Other mechanical calculators

Mechanical calculators not made with pin-wheel mechanism, like ones made with buttons and ratchets mechanism.

Flying Fish calculator
This is a Chinese more-or-less clone of Monroe L-series calculator, the one from 1940s, although some sources (compvter.it, 2018) claim that it was a license copy (at least under name "Shanghai Calculator JSY-20"), there are too many modifications to the original so it's most likely a clone. These mechanical differences include a clock-like chassis instead of frame-like, orientation of relase plate, bell mechanism, but generally the principle, appearance and operation is the same. I have no idea how old my unit is, but I can estimate it. In some websites we can read that this machine was manufactured in 1950s, while in other that even in late 1970s. It is also known that there were a few versions - gray with black keys was probably a late version, brown with dark-brown, a bit matte keys made of some plastic, but my unit is brown with brown, shiny keys. Additionally gears and levers are machined, not sheet-cut which excludes 1970s, as mass production then was developed enough to quickly cut many parts of mechanism from metal sheet. The material used for plastic finishes was a puzzle to me, but by some experiments I found that in my unit it is a celluloid. So definitely 1950s, maybe early 1960s from surplus. Celluloid was one of the first plastic materials, but is not very good as a general-purpose material: it is extremely flammable, it cracks when exposed to light and releases gasses when exposed to temperature, so as better polymers became invented in 1950s and 60s, it was used less and less frequently.
The mechanical principle of operation is simple: When you press a key, a lever is pressed in its specific place. This place has a protrusion bent in angle specific to digit. So, when you press a key, the lever moves a distance specific to the value, there are about 5 distances per lever, for one digit one lever moves to the left, another one moves to the right, so there are 9 levers positions like 9 digits per one 0-9 "key set". These levers shift specific gears, which have teeth of different length in their cylindrical length, as a result, forming a gear with specific number of teeth. By turning crank, these gears transmit their value into upper counters.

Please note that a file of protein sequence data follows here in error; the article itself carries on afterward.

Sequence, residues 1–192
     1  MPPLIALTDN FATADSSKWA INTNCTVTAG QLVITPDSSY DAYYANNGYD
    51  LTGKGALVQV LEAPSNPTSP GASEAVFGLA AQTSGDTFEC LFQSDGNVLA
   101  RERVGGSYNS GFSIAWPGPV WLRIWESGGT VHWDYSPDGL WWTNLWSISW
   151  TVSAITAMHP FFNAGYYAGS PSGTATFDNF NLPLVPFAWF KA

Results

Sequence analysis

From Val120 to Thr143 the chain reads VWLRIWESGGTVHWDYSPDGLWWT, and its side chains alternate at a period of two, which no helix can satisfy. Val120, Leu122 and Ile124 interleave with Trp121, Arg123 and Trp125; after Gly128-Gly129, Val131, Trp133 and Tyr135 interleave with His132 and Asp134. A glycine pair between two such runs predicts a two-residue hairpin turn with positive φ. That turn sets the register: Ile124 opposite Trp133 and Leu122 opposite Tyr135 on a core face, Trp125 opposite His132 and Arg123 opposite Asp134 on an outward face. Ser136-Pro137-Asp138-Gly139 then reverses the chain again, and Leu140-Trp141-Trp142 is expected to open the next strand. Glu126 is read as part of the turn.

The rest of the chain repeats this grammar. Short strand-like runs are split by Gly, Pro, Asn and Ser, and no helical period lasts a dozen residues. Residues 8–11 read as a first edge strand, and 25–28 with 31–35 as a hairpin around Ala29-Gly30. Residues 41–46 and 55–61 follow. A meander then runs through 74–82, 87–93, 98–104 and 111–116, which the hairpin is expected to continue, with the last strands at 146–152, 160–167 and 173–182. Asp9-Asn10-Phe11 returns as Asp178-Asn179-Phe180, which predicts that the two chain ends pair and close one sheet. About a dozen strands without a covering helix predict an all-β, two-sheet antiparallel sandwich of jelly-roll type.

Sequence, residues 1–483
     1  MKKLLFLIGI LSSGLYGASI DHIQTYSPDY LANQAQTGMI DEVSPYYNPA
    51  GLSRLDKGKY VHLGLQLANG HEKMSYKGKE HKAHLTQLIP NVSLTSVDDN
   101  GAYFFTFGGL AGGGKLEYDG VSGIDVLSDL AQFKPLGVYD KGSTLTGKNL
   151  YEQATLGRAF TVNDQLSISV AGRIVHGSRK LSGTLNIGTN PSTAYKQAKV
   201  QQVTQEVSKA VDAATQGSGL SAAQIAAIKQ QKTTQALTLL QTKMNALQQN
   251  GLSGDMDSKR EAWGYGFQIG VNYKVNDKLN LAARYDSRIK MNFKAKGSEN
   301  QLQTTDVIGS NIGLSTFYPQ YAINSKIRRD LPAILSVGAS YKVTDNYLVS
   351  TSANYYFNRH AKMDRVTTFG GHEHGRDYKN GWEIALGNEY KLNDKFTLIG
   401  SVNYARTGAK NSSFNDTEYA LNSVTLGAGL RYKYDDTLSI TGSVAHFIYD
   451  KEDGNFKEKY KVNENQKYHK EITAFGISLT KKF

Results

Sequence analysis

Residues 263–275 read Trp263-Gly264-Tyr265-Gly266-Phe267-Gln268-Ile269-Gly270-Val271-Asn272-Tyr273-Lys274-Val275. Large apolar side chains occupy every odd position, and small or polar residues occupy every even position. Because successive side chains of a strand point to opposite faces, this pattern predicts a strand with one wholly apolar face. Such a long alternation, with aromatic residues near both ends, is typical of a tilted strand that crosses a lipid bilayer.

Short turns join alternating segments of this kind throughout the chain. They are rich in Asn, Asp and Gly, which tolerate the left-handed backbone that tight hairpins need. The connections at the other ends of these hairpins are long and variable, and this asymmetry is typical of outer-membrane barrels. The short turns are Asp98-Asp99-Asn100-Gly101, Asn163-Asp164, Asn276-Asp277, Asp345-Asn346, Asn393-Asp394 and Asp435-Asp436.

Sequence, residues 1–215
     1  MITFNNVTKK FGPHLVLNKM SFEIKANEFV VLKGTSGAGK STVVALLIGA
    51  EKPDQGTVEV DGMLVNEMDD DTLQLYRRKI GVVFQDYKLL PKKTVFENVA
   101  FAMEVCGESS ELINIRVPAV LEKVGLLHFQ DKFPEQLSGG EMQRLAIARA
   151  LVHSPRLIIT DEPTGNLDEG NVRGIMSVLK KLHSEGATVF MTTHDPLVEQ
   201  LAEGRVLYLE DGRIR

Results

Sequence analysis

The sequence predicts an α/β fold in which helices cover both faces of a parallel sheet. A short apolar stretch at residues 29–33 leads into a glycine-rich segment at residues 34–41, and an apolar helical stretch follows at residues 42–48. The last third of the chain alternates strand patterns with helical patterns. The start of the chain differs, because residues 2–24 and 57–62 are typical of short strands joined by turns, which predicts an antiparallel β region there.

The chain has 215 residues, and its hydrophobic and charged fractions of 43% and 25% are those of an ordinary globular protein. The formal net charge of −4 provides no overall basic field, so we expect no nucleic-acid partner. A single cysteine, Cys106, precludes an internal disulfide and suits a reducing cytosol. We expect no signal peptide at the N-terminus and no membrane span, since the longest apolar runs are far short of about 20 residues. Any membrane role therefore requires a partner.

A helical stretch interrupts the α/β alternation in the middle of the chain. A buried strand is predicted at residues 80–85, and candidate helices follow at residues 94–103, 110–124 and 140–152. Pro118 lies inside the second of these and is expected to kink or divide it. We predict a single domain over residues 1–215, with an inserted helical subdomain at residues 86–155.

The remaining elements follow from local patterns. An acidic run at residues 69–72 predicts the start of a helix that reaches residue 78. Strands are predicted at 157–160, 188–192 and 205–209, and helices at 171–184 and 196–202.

Additionally, after the transmitting action, a cam can be engaged to push the release plate to make keys pop back up. If the +/- key is depressed, the cam operates normally. If a multiplication key is pressed, the lever is pulled from the cam and release plate won't be pushed - keys will not pop back and it will be possible to perform another multiplication. Additional lever connected to zeroing key can push the zeroing plate from keyboard.
To change decimal places, a valve-like knob is used. This knob turns the small internal lever which just tumble the upper part back and forth. It is also possible just to grab a handle and move the carrier manually.
The smaller crank located on the carrier allows to zero the main or turns counters. This is done not by rotating all digits which are not zero to zero as in later machines, but by rotating all digits and stopping the rotate at zero.
My unit's history is not known, comes from flea market. Some keys are missing, but I made their models for 3D print. It had a few problems related to crank lock mechanism (not operating at all) and release plate (lever not pushing the plate to a full extent), but now they are fixed.
The key models can be downloaded here, but they are untested and I think they definitely require some machining after printing.

http://www.johnwolff.id.au/calculators/Monroe/Monroe.htm  - Monroe calculators description
http://www.rechenmaschinen-illustrated.com/pictures_1951.htm - Photo of the later unit at the end of page.
http://www.rechnerlexikon.de/en/artikel/Shanghai_Calculator_JSY-20 - In German collection
http://www.vintagecalculators.com/html/busicom_and_broughtons.html - A story of an importer of different machines, mentioning Flying Fish in press article.

General view Front engravings Main crank
Numbers Bottom plate Inside
Bell mechanism Counter gears Transmission mechanism